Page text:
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The Original of McNee,
This review is from: The Death of Ronnie Sweets (and Other Stories) (Kindle Edition)
I've got this theory on how you find good crime writers, purely non-scientific, but pretty reliable so far. Check out the author photo and if they look like a right piece of work, you buy the book. Nine times out of ten you'll get something decent. The other one you get Russel D McLean.
The Death of Ronnie Sweets is a collection of McLean's early short works featuring Dundee P.I. Sam Bryson - yes Dundee has P.I.s, alright, who do you think tracks down the city's unfaithful spouses and insurance frauds? Or, in the case of a more committed character like Bryson, skipped witnesses, nonce councillors and a solicitor with some rather destructive daddy issues.
Across ten short stories McLean builds a credible world around Bryson, the city is present without becoming overbearing and the cast of secondary characters is skilfully deployed, with many recurring right through; there's even a blink-and-you-miss-it cameo by the protagonist of McLean's novels, J McNee.
Bryson is an engaging character, less intense than some literary P.I.'s but he feels refreshing for that precise reason. So he's handy with his fists and he likes a drink - glass houses people - he's also sentimental, loyal and maybe a bit too understanding for his own good.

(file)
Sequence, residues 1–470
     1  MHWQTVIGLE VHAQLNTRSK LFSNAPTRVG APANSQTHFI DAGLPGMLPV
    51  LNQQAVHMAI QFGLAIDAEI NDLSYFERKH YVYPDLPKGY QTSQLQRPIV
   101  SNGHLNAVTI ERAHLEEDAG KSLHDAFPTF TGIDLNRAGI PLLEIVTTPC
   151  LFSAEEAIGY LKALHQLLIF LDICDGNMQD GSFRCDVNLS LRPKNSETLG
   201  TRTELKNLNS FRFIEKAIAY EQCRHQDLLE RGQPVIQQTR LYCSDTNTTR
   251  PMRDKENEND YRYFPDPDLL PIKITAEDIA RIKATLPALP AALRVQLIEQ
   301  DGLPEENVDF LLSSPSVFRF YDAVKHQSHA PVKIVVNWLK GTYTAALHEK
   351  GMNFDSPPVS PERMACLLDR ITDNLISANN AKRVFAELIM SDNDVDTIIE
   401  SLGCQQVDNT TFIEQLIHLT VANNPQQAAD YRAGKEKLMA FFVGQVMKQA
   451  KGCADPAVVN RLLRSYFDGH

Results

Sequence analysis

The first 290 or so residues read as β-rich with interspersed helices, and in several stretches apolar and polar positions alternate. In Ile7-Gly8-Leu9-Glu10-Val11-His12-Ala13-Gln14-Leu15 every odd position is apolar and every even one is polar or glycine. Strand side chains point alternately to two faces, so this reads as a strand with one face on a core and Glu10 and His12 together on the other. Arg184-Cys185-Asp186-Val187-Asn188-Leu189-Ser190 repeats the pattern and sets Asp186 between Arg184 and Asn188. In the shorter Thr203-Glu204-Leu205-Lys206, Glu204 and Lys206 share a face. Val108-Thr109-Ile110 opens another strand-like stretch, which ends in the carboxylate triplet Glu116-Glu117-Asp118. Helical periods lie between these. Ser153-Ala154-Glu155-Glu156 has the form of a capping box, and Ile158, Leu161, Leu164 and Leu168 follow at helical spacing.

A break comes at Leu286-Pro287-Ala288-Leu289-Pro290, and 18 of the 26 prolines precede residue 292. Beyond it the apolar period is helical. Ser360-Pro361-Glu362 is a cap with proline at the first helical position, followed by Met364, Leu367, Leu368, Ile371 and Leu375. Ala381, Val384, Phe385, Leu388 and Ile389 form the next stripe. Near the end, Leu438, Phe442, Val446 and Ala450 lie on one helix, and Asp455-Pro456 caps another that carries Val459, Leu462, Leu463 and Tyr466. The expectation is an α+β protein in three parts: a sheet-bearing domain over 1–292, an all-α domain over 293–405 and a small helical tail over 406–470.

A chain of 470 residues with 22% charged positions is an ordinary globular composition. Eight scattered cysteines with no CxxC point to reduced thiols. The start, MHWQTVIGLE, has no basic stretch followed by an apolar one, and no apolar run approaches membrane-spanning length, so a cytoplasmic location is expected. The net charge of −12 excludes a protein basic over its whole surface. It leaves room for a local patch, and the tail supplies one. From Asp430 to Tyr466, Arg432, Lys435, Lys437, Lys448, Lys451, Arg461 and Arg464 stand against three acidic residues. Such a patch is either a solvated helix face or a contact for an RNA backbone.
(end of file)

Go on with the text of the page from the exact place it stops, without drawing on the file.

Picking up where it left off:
I was expecting a lot of blood and ruptures in this book, and I wasn't disappointed, but there's an emotional element here which is missing from a lot of gritty crime fiction. Mclean has a keen eye for human frailty and every story has a deep undertow.
This collection is uniformly strong, although you do get a sense of progression in McLean's writing as it continues, finishing with Flesh and Blood, a heavily freighted story about the responsibilities and abuses of fatherhood. Served up with plenty of violence and a surprisingly sweet ending. Her Cheating Heart is another standout, a short but atmospheric story about a man who desperately needs to be told that his wife is being unfaithful. It's a two-hander, tough to write but beautifully executed.
The Death of Ronnie Sweets feels very complete for a collection of short stories and promises great things for McLean's full length novels The Good Son and The Lost Sister.